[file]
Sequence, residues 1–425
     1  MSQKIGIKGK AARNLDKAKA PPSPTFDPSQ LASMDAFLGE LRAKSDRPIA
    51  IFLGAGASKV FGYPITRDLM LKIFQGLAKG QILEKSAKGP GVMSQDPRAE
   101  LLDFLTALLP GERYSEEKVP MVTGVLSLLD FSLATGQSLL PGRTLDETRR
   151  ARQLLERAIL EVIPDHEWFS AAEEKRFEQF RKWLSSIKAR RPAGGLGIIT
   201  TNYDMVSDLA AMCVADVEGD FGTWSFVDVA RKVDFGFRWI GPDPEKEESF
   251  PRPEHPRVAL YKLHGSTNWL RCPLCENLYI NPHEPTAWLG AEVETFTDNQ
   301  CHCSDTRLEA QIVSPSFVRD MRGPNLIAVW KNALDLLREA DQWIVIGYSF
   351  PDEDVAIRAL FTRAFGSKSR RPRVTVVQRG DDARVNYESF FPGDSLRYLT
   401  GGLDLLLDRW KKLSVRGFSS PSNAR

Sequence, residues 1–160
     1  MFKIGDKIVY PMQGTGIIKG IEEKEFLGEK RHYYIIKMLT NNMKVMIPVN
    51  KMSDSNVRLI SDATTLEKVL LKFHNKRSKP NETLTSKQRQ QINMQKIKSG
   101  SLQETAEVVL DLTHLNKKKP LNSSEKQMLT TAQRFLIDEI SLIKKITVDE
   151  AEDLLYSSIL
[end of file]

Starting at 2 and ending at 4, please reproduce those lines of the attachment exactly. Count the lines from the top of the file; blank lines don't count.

     1  MSQKIGIKGK AARNLDKAKA PPSPTFDPSQ LASMDAFLGE LRAKSDRPIA
    51  IFLGAGASKV FGYPITRDLM LKIFQGLAKG QILEKSAKGP GVMSQDPRAE
   101  LLDFLTALLP GERYSEEKVP MVTGVLSLLD FSLATGQSLL PGRTLDETRR